surface water
water quality
crop
pollutant
winter
river

Cite this

Abhik Gupta, Abhik ; KEFFORD, Ben. / RE: Ganga clean-up: Smaller scale strategies are preferred. In: Science. 2018 ; Vol. 362, No. 6414. pp. 1-1.
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Abhik Gupta, A & KEFFORD, B 2018, 'RE: Ganga clean-up: Smaller scale strategies are preferred', Science, vol. 362, no. 6414, pp. 1-1.

RE: Ganga clean-up: Smaller scale strategies are preferred. / Abhik Gupta, Abhik; KEFFORD, Ben.

In: Science, Vol. 362, No. 6414, 16.11.2018, p. 1-1.

Research output: Contribution to journalLetter

TY - JOUR

T1 - RE: Ganga clean-up: Smaller scale strategies are preferred

AU - Abhik Gupta, Abhik

AU - KEFFORD, Ben

PY - 2018/11/16

Y1 - 2018/11/16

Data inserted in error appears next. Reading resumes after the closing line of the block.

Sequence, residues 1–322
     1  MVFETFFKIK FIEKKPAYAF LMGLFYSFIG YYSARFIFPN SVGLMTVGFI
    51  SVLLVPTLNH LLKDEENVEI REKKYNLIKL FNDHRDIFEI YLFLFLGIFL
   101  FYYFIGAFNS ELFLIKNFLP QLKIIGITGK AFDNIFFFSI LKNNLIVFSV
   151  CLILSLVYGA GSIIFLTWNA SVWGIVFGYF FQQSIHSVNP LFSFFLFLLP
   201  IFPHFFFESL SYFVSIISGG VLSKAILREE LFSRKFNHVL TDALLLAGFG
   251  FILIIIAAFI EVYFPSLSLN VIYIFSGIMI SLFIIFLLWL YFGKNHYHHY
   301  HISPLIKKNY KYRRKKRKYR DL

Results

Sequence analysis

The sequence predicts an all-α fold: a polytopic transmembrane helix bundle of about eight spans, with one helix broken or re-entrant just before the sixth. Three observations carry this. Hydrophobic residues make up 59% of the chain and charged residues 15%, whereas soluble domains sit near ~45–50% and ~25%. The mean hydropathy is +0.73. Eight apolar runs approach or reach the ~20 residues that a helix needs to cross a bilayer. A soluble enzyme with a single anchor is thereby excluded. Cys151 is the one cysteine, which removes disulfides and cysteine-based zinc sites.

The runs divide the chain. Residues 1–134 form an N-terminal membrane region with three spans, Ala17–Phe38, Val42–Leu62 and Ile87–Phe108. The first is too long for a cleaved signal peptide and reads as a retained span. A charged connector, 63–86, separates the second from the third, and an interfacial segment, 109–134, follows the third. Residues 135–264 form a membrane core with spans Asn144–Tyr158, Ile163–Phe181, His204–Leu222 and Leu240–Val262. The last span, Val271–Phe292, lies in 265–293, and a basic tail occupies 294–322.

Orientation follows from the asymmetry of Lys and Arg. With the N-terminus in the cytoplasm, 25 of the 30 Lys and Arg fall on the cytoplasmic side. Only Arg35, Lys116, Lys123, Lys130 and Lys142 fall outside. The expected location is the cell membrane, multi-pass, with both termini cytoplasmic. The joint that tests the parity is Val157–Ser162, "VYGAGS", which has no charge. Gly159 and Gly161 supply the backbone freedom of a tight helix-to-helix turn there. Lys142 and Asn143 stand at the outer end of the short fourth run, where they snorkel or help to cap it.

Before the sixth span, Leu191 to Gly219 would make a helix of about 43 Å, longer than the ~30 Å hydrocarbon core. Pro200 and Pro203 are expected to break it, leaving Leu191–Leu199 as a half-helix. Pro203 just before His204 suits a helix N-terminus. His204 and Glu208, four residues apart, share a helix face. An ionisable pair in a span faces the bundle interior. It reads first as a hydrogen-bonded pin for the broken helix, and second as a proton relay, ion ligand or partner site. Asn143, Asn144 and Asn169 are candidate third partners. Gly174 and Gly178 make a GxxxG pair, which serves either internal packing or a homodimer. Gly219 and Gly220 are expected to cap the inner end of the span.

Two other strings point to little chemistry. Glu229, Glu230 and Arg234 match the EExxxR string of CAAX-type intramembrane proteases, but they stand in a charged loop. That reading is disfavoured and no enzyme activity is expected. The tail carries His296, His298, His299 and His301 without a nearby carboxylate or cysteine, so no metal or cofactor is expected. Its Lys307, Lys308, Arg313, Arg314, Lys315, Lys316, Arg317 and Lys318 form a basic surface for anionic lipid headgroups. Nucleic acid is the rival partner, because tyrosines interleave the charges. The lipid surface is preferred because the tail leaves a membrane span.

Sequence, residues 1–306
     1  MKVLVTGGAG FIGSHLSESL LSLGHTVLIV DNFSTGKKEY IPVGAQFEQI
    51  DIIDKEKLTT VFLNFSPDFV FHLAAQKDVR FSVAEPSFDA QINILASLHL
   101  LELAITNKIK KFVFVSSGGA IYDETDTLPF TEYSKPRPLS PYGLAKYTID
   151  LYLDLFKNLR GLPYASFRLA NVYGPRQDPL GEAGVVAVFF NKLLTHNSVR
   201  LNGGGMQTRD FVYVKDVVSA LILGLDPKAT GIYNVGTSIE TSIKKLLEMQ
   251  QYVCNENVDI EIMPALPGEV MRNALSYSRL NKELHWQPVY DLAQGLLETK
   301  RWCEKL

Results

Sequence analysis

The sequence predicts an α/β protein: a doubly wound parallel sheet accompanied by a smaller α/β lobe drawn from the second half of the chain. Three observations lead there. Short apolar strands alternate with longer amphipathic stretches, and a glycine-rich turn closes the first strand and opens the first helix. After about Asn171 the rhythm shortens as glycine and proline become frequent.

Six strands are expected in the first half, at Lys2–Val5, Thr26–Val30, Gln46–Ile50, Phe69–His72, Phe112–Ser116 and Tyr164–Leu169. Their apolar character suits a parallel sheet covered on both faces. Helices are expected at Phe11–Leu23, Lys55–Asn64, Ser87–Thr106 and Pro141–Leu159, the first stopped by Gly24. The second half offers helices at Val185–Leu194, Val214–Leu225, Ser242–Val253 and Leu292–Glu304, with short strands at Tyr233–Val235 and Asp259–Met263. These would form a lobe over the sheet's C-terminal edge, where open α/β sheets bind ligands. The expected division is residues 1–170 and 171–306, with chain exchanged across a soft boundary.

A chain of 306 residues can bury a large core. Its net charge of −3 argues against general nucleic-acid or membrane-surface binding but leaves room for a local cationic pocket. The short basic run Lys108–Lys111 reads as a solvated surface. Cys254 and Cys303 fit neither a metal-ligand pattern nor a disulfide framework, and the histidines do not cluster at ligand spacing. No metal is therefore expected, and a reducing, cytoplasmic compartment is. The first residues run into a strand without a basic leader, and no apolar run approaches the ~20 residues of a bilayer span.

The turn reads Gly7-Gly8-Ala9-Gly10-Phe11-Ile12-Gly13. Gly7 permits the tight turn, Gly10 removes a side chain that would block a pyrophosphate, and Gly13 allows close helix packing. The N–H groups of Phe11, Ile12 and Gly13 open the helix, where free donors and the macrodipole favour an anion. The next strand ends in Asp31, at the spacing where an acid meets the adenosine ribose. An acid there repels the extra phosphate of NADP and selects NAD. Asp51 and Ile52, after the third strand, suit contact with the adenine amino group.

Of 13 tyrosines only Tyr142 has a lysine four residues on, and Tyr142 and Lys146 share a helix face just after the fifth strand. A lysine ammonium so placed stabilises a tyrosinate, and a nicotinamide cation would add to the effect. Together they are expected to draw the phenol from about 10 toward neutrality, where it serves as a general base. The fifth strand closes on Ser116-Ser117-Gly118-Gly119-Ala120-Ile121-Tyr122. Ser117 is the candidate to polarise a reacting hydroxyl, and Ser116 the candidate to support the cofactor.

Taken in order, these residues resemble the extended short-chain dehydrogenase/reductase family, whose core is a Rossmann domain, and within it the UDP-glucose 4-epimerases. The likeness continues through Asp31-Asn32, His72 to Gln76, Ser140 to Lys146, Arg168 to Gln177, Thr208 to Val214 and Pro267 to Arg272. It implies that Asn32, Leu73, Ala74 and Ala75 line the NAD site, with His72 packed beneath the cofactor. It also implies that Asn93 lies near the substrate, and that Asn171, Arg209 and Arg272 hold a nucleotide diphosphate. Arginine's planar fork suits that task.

N2 - RE: Ganga clean-up: Smaller scale strategies are preferredAbhik Gupta, University professor,Department of Ecology & Environmental Science, Assam University, IndiaOther Contributors:Ben J Kefford, University associate professor,Institute for Applied Ecology, University of Canberra, Australia (16 November 2018)In this editorial, Shah et al. have revived the "Ganges water machine" (GWM) concept put forward in the 1970’s (1), and advocated for recently (e.g. 2). Essentially, this strategy involves intensive winter and pre-monsoon drawing down of groundwater which are then refilled by monsoon rains, floodwaters and snowmelt. The GWM is designed to increase dependence on groundwater so as to leave more surface water for maintaining environmental flow to flush pollutants from the river. However, this prescription needs to be examined carefully from several standpoints before adoption. Firstly, six of the seven sub-basins where the GWM was assessed to have high efficacy (3) have high arsenic concentrations, and groundwater irrigation has already resulted in widespread As contamination of soil, vegetables, rice, and other crops (4). Secondly, groundwater use for irrigation already accounts for 67% of irrigation water within the Ganges Basin (5). It is not certain how pushing it further would significantly control flood and increase lean-season flow. Thirdly, land subsidence due to intensive pumping may occur in places (2). Instead of going for spectacular action plans, it may be more prudent to implement smaller scale strategies including improvement of discharge water quality and generating mass awareness among riparian communities to adopt eco-friendly practices – with the help of religious and cultural leaders - throughout the Ganges basin.